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The World Might Just Need the Metaverse

The Influencers 151 Add to collection

VCCP Sydney's creative director Paul Sharp looks at a few weighty facts and reconsiders the metaverse through green-tinted specs

The World Might Just Need the Metaverse

Hey kids, Zuckermoji wants us all to move into cyberspace. So what are we waiting for? Last one in’s a Sheeple!

Right now, alongside blockchain, the metaverse is hailed as the world’s biggest tech bandwagon, thanks in large to two years of pandemic separation driving us deeper online for our social succour.

That’s two years of brands scrambling for new ways to stay in front of our eyes, and with the social worlds of Roblox, COD, Fortnite and Minecraft sucking millions of young (but increasingly older) souls within, they spotted a fertile ground to start seeding. 

With the run into 2022 and the arrival of bigger players in the mix—who could ignore the fanfare of Facebook morphing into Meta, followed by Microsoft’s acquisition of ActivisionBlizzard—shit, as they say, is getting real, and the big brands are grabbing their tickets to jump on board; certainly, nothing heralds the arrival of a thing to be taken seriously more than the joint injection of over $100 billion (US).

But in the wake of this momentous advent, the big questions we find ourselves wondering are, “What will it be?” “What will I do there?” And, most importantly, “Will it really be any good?” 

Here’s the thing, no one can possibly know yet, but, in principle, we should all really hope it is good for one very big reason… (insert drumroll) it might just save the world!

Starting with fashion. It’s one of the planet’s top contributors to climate change accounting for about 10% of global carbon emissions (and rapidly rising), and nearly 20% of the total wastewater, and let’s not get into the

even murkier waters still swishing around labour and manufacturing methods. Yes, clamouring for that next thing to show up in has always come at a bigger price than we’d like to think.

Step into the Metaverse, however, and with the touch of an app icon, we can find ourselves doing the Dice Walk at The Weeknd concert in our new limited-edition N(ike)FT Air Maxs that instantly flash up our peer approvals as we ‘sync along to ‘Save your tears’. Or, why not shimmy up the red carpet in our limited drop, aquadescent Balenciaga ball gowns at the Meta Met Gala? All the while IRL we’re sitting ‘not so pretty’ in our favourite, saggy track-dacks, but, most importantly, all at a fraction of the ‘global’ cost.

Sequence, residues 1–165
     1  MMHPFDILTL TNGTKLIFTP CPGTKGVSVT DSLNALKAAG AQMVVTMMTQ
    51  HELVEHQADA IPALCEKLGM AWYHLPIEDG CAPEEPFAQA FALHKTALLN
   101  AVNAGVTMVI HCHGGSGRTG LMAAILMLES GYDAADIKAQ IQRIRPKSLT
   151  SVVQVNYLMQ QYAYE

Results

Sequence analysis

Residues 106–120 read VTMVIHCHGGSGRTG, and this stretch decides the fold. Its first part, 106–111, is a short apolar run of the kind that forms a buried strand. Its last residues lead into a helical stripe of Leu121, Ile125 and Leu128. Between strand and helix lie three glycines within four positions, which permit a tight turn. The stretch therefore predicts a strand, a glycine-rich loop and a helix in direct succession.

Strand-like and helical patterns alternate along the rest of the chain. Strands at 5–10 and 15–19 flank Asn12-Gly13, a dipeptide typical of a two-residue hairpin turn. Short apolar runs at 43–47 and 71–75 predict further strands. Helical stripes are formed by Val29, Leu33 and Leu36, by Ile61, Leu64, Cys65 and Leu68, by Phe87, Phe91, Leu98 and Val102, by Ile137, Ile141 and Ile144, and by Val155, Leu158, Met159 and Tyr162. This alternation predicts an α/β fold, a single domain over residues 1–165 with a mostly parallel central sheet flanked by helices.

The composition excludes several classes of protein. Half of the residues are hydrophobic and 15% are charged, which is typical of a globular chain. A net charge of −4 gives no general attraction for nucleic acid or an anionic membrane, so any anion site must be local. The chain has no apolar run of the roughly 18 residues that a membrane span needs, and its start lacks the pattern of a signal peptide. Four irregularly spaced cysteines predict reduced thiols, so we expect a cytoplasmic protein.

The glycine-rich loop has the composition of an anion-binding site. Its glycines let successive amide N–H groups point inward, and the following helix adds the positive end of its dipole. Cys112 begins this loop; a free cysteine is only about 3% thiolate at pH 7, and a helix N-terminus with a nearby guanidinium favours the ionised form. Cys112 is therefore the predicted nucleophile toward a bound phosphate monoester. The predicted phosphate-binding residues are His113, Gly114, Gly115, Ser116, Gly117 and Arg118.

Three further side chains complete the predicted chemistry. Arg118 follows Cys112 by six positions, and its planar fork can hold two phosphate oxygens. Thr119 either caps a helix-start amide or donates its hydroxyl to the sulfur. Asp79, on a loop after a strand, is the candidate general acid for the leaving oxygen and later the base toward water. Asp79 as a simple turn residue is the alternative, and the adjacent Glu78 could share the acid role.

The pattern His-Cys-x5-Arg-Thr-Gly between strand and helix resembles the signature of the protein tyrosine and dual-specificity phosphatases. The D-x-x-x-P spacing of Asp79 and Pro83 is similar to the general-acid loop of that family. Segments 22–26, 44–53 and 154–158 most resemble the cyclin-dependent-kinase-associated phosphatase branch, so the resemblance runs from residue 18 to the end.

And how did we arrive there? 

Well, were we lucky enough to get into the actual Met Gala (no chance) we’d have flown half way round the world, and with annual aviation adding a billion tons of CO2 into the atmosphere, ‘landing’ within the metaverse makes it a whopping environmental saving. 

Of course, most of us aren’t high-flyers and have to settle instead of taking ride-shares to our nights out or driving our own cars to our meets. But with nearly 20% of total global emissions coming from passenger vehicles, that metaverse meeting, despite Zuckerberg’s insipid, initial renderings, never looked so good. 

And very soon it will look a lot better. As the metaverse gains sophistication, with the rapid evolution of CPUs and GPUs—thanks to those multi billions mentioned earlier and our old friend, Moore’s Law—the ability to visualise and manifest actual destinations and, of course, completely new destinations and experiences, will increase exponentially; scale Everest without the climber-jam and risk of frostbite; take turns at the wheel of a 65 Mustang on route 66 with your BFF, or create a new better BFF with the metahuman project and design your own destination while you’re at it. 

We are truly entering an age when anything digital is possible and the metaverse is where it will happen. Again, all in the comfort of our homes where the footprint we leave literally won’t be as visible as the one in nature.

Which brings us to the only real question: energy? What about the horrific cost of mining for all those NFTs, and all the countless gigawatts to power the gazillion metaverse devices and servers?  

Like the rapid increases in the metaverse space, the other area with huge, vested financial interest is (and always has been) the energy sector. As we transition away from fossil fuels, solar generation efficiencies are constantly improving and other, complimentary, mass storage forms of energy like battery and green hydrogen are making massive moves forward. And as for data mining costs, Etherium, where most NFTs are currently validated, is moving as we speak to a proof of stake model at a 99.95% reduction in energy consumption (note: other big blockchain NFT supporters like Solana and Cardano already operate on a proof of stake model). 

So, when we look forward (whether we like it or not) to that Ready Player One future where we’re all glued into haptic headsets like Wade Watts, let’s try not to balk at its dystopian rough edges, and instead try to look at it with green-tinted (augmented) specs, knowing that it’s a future in which we may well be easing our human burden on this wonderful planet and giving it some much needed R&R. 

And who knows perhaps our next major tech iteration, where we fully download ourselves into the metaverse (or whatever we’re calling it by then) will solve the problem entirely as we thrive off pure energy alone.


Paul Sharp is a creative director at VCCP with nearly 20 years of copywriting experience and a keen passion for both technological innovation and the environment. He currently uses PSVR and is vicariously connected to the metaverse through Roblox and Fortnite. He’s in the process of upgrading to a Quest II.

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VCCP Sydney, Wed, 16 Feb 2022 10:15:07 GMT